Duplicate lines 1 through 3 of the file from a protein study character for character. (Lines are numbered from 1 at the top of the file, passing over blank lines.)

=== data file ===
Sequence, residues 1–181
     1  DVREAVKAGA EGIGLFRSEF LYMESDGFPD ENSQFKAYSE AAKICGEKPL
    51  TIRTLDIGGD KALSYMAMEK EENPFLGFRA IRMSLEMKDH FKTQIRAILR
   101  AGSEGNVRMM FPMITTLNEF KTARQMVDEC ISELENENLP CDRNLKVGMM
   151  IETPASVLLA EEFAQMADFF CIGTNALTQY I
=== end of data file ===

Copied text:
Sequence, residues 1–181
     1  DVREAVKAGA EGIGLFRSEF LYMESDGFPD ENSQFKAYSE AAKICGEKPL
    51  TIRTLDIGGD KALSYMAMEK EENPFLGFRA IRMSLEMKDH FKTQIRAILR